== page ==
Top Medical Careers for Women

T

Following three waves of feminism to promote equal rights for women as well as equal pay for equal jobs, it seems there is still quite a large gender disparity in the medical community. The higher placed positions – surgeons, specialist doctors, general practitioners, etc. are still very much male dominated, whereas the more hands-on positions – nurse, midwife, health visitor – are still female dominated. Some of the medical careers that are classed as the top medical careers for women are listed below. These careers offer flexibility and their pay is generally equal to that of men. Furthermore, they also offer career advancement.

Women’s Health

Many women who need to see a practitioner about women’s health would prefer to see a female practitioner. Positions such as a fertility expert, gynecologist and midwife are positions in which women are very much needed, although perhaps still not sufficiently represented, particularly in the positions other than midwife or doula.

Medical Positions From Home

Medical transcription, healthcare recruiting and medical writing are all positions that can regularly be done from home. These jobs mean that women, who are in reality still responsible for the largest part of childcare and housework, are able to combine a career whilst not overstretching themselves as far as their other responsibilities go.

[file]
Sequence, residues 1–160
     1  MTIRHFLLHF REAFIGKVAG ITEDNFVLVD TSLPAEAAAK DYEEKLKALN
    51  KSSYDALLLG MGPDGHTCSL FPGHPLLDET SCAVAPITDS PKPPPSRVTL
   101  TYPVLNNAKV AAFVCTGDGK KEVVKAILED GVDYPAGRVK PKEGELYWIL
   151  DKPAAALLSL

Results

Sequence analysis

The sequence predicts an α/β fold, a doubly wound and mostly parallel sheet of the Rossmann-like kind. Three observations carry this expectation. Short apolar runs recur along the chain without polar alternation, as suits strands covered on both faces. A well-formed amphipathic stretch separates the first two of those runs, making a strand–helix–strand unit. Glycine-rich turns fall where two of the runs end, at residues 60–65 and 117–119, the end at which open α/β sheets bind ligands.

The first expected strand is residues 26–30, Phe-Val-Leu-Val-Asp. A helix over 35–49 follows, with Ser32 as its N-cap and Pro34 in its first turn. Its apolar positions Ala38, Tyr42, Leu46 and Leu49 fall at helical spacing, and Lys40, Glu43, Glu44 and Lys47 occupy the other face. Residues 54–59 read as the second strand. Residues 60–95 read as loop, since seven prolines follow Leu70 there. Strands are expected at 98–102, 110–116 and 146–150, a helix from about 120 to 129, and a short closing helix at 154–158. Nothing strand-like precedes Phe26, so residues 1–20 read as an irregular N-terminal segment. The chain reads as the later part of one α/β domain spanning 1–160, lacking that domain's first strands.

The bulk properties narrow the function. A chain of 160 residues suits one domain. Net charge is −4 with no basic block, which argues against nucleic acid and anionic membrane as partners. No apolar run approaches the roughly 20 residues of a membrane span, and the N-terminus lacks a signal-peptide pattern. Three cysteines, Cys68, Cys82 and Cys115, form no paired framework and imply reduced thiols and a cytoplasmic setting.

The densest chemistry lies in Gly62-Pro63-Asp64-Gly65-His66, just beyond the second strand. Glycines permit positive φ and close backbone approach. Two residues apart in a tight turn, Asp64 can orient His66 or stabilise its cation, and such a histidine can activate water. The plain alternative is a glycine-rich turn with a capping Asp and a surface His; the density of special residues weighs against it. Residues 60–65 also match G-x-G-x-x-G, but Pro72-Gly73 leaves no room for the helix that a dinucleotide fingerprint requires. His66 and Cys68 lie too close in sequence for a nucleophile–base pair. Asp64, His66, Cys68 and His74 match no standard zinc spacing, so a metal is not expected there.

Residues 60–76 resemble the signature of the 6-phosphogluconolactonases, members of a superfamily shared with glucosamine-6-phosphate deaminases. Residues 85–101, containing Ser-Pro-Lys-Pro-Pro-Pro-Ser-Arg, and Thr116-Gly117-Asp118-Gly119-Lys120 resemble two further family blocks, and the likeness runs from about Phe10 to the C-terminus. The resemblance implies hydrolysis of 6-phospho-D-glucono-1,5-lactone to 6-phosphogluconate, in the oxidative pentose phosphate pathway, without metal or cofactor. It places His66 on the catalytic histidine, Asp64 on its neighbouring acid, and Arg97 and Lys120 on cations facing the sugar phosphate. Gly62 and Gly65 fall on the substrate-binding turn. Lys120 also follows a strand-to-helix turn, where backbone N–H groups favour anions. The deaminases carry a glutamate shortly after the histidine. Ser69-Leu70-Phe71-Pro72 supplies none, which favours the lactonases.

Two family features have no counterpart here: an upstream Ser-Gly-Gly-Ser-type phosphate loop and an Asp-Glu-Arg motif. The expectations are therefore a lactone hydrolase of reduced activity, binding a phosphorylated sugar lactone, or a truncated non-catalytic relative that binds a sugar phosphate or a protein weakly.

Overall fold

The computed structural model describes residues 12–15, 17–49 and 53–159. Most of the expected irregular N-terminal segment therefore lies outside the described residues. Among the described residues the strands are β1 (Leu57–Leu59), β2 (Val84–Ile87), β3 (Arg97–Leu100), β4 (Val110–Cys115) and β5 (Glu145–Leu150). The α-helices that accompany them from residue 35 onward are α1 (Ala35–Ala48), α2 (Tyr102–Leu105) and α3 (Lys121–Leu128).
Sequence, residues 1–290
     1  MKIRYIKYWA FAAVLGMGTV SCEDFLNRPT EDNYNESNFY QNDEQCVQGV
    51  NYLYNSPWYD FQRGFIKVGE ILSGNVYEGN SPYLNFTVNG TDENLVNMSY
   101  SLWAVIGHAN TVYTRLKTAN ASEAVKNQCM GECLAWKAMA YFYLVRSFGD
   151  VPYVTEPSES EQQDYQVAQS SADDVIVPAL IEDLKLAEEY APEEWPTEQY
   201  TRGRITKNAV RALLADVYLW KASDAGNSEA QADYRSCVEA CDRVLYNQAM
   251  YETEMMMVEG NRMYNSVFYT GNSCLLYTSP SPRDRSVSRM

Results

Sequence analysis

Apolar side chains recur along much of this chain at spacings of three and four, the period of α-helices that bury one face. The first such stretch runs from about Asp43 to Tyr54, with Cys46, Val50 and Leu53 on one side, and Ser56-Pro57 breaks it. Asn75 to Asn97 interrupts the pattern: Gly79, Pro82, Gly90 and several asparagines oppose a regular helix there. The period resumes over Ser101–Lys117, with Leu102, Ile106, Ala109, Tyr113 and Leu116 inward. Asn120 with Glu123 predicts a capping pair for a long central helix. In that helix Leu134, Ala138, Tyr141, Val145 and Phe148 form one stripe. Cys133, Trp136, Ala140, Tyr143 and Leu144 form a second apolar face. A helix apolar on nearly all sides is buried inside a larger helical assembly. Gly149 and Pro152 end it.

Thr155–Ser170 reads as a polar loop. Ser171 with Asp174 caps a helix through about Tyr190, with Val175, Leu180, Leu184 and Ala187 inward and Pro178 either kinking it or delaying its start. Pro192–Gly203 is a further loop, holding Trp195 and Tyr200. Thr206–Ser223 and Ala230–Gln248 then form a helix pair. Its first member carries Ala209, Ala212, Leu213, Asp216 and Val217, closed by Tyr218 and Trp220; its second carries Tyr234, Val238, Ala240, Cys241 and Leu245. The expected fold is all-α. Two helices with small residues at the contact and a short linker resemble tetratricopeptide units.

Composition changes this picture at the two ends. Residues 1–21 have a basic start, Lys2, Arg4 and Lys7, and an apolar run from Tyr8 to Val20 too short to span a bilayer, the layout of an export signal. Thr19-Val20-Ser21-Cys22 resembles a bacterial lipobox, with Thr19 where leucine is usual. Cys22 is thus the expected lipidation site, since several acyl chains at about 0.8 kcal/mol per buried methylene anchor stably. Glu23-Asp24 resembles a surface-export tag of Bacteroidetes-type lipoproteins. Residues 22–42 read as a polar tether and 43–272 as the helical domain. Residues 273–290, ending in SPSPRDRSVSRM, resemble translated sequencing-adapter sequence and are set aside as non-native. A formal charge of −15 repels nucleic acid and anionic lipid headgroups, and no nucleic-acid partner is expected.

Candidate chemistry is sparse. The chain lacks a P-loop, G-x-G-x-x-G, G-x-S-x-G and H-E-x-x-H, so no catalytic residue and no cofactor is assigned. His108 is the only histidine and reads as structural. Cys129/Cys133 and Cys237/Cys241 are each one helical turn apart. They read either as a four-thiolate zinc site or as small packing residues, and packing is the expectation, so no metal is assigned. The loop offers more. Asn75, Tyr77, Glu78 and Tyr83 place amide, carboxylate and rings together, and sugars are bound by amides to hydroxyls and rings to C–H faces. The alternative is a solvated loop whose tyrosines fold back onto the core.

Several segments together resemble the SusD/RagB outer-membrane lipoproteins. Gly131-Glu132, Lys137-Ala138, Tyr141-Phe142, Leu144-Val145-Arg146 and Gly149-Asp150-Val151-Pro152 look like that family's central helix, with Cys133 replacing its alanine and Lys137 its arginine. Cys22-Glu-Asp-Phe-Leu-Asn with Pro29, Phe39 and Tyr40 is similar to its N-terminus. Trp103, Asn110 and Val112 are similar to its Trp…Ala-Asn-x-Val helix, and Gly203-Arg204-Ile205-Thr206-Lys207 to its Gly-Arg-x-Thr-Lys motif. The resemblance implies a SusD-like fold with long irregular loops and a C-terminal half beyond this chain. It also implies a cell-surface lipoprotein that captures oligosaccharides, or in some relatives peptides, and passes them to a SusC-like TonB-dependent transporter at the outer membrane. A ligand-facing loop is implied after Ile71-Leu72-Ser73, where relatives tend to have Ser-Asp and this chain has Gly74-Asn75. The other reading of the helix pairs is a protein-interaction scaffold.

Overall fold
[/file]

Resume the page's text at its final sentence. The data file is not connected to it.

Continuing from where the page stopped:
Pharmaceutical and Drugs Sales

Pharmaceutical companies are said to be some of the most women friendly environments as they generally offer flexible working, such as part time or job share opportunities and there is also much scope for career advancement.

Nurse

Women are very much represented in the nursing profession. This is a wide profession that can be office based, hospital based, community based or even home based. As nurses generally work in shift patters, there is a reasonable amount of flexibility in working hours, again making this a career of choice for women.

Physician

As there are now more female medical students than male medical students, an influx is expected in female physicians. However, many roles are not seen as female roles because of the working hours and the expectation on women to take on childcare and other house responsibilities. This is why certain specialized positions, such as a brain surgeon, for example, are not so much a career of choice for women as they require a person to be on call at all times. However, non emergency positions such as a dermatologist offer regular working hours and many women now choose such careers.

Highest Paying Medical Careers and Female Representation

Medical careers are generally well paid jobs, in part because of the lengthy education that needs to be followed and also because of the high levels of responsibility the positions require. The highest paid medical careers are:

• Cardiologists, who specialize in diagnosing and treating issues relating to the heart.

• Radiologist, who use technology to diagnose and treat disorders and illnesses. Interventional radiologists, who have undertaken further specialization, earn the same on average as cardiologists.

• Oncologists, who specialize in diagnosing and treating cancer. The highest paid oncologists are hematology oncologists, who deal with solid cancers and tumors.

• Gastroenterologists, who specialize in problems and cancers of the digestive tracks.

• Surgeons – the highest paid surgeons are cardiac or heart surgeons, orthopedic surgeons and transplant surgeons.